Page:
WiFi phones - I got me a Nokia E65 which has a built in b card. It sucks the life out of your battery time (literally, you may as well be talking) when you're utilising the wifi.

It's not the best for web browsing witht he built in browser - but the range is actually better than some of the tablet PCs I have in my house! It gives a good coverage and fair reception.

If you're thinking of using one in a laptop withouth PCMCIA capability, it'd probably work.

But then if it's to use as a main browser - you're probably better off getting a minibook/eeePC.


Bruce Cohen @ #42:

I don't think there are any analog mobile networks left in Britain. I think theres still some NMT 450 in northern Scandinavia, precisley because of signal reach. I know that NMT 900 was scrapped, to repurpose frequencies to GSM 900.

It seems as if NMT 450 has been discontinued in Norway (well, I guess you can still use a Swedish carrier). Oops, looks like the NMT 450 license ran out on 2007-12-31, so there may well be no carriers left.


Bruce Cohen said, "Mad Charles Stross"?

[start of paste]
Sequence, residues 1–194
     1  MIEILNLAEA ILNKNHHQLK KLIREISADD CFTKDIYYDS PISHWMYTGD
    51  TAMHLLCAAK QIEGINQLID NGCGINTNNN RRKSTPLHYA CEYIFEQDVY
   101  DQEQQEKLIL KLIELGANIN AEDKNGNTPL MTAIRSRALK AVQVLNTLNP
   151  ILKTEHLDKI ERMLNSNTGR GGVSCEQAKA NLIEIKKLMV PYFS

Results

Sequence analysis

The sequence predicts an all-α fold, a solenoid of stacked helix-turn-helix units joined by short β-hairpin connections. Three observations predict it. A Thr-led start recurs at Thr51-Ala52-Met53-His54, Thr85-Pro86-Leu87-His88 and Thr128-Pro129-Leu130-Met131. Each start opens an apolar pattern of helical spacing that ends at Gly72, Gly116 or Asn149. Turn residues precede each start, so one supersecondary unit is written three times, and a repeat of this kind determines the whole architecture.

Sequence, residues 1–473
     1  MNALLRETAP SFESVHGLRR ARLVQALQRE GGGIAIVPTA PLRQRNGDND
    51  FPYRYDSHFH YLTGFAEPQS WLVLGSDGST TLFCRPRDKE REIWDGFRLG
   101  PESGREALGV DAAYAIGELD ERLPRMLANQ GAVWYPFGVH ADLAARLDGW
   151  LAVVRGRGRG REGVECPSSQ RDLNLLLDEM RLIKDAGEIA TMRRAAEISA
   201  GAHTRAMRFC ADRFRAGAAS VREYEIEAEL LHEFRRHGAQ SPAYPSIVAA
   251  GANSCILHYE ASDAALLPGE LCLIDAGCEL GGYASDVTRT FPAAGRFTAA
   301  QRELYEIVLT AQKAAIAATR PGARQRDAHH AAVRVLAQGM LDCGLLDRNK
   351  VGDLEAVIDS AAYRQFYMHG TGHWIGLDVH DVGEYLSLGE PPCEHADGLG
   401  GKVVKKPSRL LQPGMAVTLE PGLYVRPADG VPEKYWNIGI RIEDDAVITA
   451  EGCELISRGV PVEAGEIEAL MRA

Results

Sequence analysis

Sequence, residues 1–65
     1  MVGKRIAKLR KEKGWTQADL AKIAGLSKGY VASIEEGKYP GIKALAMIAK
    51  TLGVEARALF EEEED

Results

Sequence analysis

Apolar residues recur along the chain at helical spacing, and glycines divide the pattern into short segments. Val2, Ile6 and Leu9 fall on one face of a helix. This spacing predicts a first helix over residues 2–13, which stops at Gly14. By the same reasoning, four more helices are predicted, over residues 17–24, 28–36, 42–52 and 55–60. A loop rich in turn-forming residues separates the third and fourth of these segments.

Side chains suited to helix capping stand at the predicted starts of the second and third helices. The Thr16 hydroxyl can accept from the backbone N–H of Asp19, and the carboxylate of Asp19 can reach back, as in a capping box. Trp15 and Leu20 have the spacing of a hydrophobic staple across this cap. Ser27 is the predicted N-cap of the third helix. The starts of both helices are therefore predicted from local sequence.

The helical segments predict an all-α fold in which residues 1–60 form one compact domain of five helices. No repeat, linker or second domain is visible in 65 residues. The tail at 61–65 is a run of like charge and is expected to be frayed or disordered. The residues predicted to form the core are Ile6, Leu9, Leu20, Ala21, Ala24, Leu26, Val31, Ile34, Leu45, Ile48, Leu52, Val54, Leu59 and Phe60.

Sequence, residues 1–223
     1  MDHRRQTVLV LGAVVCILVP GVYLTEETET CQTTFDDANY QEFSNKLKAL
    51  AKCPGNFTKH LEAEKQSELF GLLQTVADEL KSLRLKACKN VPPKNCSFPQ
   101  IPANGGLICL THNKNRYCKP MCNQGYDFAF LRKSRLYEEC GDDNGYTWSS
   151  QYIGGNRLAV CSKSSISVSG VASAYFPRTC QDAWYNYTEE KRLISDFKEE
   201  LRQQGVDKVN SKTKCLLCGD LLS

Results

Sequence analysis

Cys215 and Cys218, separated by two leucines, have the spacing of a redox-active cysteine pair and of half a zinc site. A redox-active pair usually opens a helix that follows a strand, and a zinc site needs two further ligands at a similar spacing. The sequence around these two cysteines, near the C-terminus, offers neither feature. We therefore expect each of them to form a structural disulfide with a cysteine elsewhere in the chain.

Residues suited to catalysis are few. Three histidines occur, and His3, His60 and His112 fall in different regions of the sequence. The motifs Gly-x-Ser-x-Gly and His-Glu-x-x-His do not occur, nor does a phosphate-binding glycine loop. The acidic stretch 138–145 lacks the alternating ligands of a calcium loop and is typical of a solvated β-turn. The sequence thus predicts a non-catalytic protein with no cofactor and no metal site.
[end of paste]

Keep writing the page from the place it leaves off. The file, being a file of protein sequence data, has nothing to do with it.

It's sorta tough to make predictions and have them fail. Ask any broker that not only predicts the future, but bets on it, to realize it's a tough game. It makes my head spin on a weekly basis. Now, if C.S. wants to do it and make some money at it, he wouldn't do so with a book, but rather he would do so as a nice, quiet little day trader that runs his experiments in predicting the future with some money on the line. It's funny how the desire to gain and the fear of loss can influence how we predict the future.



The advantage for Charlie in writing a book instead of playing the market is that he can make money off his failures too. Take a look at the front page of any of the tabloid rags, especially around the New Year; they're constantly quoting "Psychics" about what's going to happen, and I would guess their hit rate to be well below 50%, yet there they are, year after year. Charlie could be a lot more upfront about it and get interested readers by talking about why a given prediction was a miss.


Feorag said (#36): "But there are only three "people" in the world who could wear the "Charles Stross loves me" version, and they don't make them in cat sizes!"

Heh, snap!

Clearly, you need one of those t-shirts, presented to you nicely rolled up and tied with something sparkly, or maybe wrapped around a fine piece of precision electronics. (hint, Charlie, hint)


Hey Charlie;

For some reason Berry didn't ever seem to come back, but the link to Stephen Fry's article on smartphones ("I have never seen a SmartPhone I haven’t bought") was probably this one -


Mr. Fry, it seems, has been a devotee at the temple of Apple more or less as long as they've existed, something I discovered to my very great suprise and joy when he was a keynote speaker at a Sun event a few years ago.

Apologies to Berry if he/she/it was just snoozing, or caught up in moderation.